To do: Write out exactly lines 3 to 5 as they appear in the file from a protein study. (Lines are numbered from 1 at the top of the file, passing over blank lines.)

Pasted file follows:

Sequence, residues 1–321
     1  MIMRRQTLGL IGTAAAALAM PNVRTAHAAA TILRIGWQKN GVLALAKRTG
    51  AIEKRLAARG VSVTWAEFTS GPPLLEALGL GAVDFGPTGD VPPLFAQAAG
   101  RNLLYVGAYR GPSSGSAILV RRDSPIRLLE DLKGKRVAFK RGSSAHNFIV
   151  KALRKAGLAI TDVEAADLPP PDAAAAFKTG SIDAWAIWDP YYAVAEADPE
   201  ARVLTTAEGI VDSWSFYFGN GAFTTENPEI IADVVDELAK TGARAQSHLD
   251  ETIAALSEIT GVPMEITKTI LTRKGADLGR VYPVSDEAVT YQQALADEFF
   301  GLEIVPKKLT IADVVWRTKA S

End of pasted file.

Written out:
    51  AIEKRLAARG VSVTWAEFTS GPPLLEALGL GAVDFGPTGD VPPLFAQAAG
   101  RNLLYVGAYR GPSSGSAILV RRDSPIRLLE DLKGKRVAFK RGSSAHNFIV
   151  KALRKAGLAI TDVEAADLPP PDAAAAFKTG SIDAWAIWDP YYAVAEADPE